BWW Review: Roxy's THE HAPPY ELF Spins A Jazz-Flavored Tale
With a cheerful attitude that knows no bounds, Eubie - the happiest elf at the North Pole - is determined to spread his apropos spirit of the season wherever he goes in Harry Connick Jr.'s The Happy Elf, now onstage at Clarksville's Roxy Regional Theatre in a delightful production directed by Ryan Bowie and starring the appealing John-Paul Fox in the eponymous role.
Running through December 17, the sprightly, fun-filled musical is guaranteed to cure what ails you, to put you in the Christmas spirit and to leave a jazz-flavored tune in your heart, thanks to the efforts of the young and fresh-faced cast that features a blend of local theater favorites and newcomers to the Roxy stage.
Based upon a 2005 animated television special of the same name (which, in turn, was inspired by an original tune by Connick, himself), the live stage version of The Happy Elf features music and lyrics by Connick, with a book by Lauren Gunderson and Andrew Fishman, tells the story of good-natured - and big-hearted - Eubie's efforts to bring happiness and hope to the town of Bluesville, where he discovers most of the "naughty" children on Santa Claus' "naughty or nice" list are acting up, thereby earning their rightful places on the list!
Eubie, played by Fox with fearless optimism and a palpable sense of fun and adventure, loves music, singing and dancing his way through the show's self-named opening number ("The Happy Elf," naturally), which runs him afoul of the dour, disdainful and dismissive Norbert (played with flair by Kendall Adaire Payne), the major domo of Santa's peppermint-scented sweat shop, who summarily threatens to take his hat (which, we learn, gives elves the power to time travel, talk to animals and do other swell stuff) unless he tamps down his enthusiasm and falls into line. Who knew Santa's workshop was such a dismal workplace?
With the support of his elfin friends Hamm (the sublime Matthew Smolko) and Gilda (the ever-engaging Leigh Martha Klinger), Eubie hatches a plot to become part of Santa's three-member sleigh team to deliver the goods on Christmas Eve to good children all over the globe. Unfortunately, despite his best efforts to impress Santa (Roxy veteran Benny Jones makes a great jolly old elf, himself) and Mrs. Claus (Dickson native Emma Jordan comes home for the holidays to play the part) with his cheerful demeanor and catchy turn of phrase, Eubie is assigned to the "Naughty or Nice" office to mete out Christmastime justice.
When Eubie makes his way to Bluesville - dark and dreary in its colorless environs - he discovers that the citizens of the town are the way they are (which is to say: haughty and demoralized) because there's only 23 seconds of sunlight (which miraculously transforms them, however briefly, into loving, caring individuals) every day and the other 23 hours, 59 minutes and 37 seconds they are working, worrying about working, thinking about worrying about working - and generally making their lives and those of the people around them as miserable as they can possibly be! Just ask young Molly (the perfectly acerbic Emily Rourke) or her handler Curtis (an irrepressible Zachary Waters) and they'll be the first to set you straight about what life is like in Bluesville.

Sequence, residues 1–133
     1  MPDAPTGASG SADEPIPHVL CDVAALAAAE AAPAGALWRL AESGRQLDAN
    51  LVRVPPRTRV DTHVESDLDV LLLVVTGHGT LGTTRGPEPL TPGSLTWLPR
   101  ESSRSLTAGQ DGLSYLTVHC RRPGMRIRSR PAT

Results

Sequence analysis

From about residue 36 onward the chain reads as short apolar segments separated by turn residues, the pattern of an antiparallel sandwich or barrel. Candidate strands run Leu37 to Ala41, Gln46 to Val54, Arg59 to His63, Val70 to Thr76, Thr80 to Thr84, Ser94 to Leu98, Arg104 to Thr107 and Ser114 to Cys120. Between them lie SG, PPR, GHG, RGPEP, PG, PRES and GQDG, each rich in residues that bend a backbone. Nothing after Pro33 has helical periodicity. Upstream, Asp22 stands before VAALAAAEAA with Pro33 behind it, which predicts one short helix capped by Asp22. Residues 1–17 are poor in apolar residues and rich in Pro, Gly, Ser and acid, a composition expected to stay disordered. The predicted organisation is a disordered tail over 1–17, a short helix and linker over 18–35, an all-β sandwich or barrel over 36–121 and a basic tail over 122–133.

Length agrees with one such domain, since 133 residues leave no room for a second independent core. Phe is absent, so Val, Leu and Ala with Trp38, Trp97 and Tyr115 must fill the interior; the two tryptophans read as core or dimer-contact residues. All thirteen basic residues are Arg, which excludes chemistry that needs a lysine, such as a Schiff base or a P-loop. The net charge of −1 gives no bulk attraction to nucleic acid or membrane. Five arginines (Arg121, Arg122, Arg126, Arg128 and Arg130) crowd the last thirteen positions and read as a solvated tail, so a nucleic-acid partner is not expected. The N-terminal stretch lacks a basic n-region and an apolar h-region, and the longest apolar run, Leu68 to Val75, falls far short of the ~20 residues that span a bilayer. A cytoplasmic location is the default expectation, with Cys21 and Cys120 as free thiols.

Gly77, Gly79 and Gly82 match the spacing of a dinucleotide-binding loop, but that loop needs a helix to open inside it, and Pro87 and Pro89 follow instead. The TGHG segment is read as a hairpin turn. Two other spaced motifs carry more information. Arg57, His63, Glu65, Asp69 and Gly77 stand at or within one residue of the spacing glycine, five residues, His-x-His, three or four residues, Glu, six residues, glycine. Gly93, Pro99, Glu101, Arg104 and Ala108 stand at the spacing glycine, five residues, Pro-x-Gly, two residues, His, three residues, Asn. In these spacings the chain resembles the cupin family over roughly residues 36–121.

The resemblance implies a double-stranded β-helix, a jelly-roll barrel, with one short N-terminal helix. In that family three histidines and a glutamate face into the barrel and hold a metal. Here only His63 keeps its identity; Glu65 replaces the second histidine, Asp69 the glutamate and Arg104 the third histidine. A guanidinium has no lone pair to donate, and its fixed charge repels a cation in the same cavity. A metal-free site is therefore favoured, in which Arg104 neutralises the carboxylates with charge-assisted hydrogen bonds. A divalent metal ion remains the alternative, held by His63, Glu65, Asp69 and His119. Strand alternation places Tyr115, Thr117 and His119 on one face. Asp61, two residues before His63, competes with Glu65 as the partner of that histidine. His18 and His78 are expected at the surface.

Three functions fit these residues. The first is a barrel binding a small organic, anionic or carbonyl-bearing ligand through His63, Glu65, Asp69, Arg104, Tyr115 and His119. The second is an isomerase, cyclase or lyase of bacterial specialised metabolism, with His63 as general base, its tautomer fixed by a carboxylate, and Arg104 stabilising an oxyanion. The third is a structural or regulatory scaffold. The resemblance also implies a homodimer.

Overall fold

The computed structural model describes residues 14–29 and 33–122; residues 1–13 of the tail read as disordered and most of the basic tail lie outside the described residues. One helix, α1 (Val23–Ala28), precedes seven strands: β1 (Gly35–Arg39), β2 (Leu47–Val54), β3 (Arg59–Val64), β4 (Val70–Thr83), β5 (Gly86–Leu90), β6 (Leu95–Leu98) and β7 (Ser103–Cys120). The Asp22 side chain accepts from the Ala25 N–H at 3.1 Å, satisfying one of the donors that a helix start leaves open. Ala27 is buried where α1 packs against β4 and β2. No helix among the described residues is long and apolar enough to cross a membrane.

Thankfully, the superheroesque Eubie comes to the rescue and, although he hits a few bumps and acquires a few bruises in the process, he manages to hit upon a plan to transform Bluesville into a Christmas-lovin', holiday-celebratin' place of joy, hope and (we suspect, ultimately) a bastion of holiday consumerism...
Though the plotline is slight, to be sure - and it's doubtful we want anything too heavy or serious in our brightly colored and confectionary tales of the season - and the story may appear geared to younger audiences upon first consideration, there is plenty to entertain theater-goers of all ages. Connick's score is jazz-inspired and swing-flavored throughout and the script by Gunderson and Fishman is just sophisticated enough for some jokes to land squarely where they should while ensuring kids won't be bored - and neither will their parents.
Bowie's direction makes certain that the action moves along at a good pace, with each scene dovetailing nicely into the next, and Rourke provides the choreography that enlivens each production number with plenty of timeless movement that makes the story even more accessible. Together, Bowie and Rourke have designed a colorful setting for the play's action that seems the right amount of holiday overload while providing the ideal backdrop for the onstage antics. Noel Rennerfeldt's lighting design helps capture the tone and nuance of the broadly drawn tale in ways both illuminating and creative.
The production's energetic and focused ensemble add to the overall Christmasy feel of the production, creating a sense of kaleidoscopic fun and perpetual motion in the process. Kudos are due young Kylan Elizabeth Ritchie, who's pretty nifty as Young Norbert, and to Reyna Bolton, Scotty Phillips and Melissa Silengo, who stand out among the hard-working chorus.
Harry Connick, Jr.'s The Happy Elf. Music and lyrics by Harry Connick, Jr. Book by Lauren Gunderson and Andrew Fishman. Directed by Ryan Bowie. Choreographed by Emily Rourke. Presented by Roxy Regional Theatre, Clarksville. Running through December 17. For details, go to www.roxyregionaltheatre.org. Running time: 1 hour, 55 minutes (with one 15-minute intermission).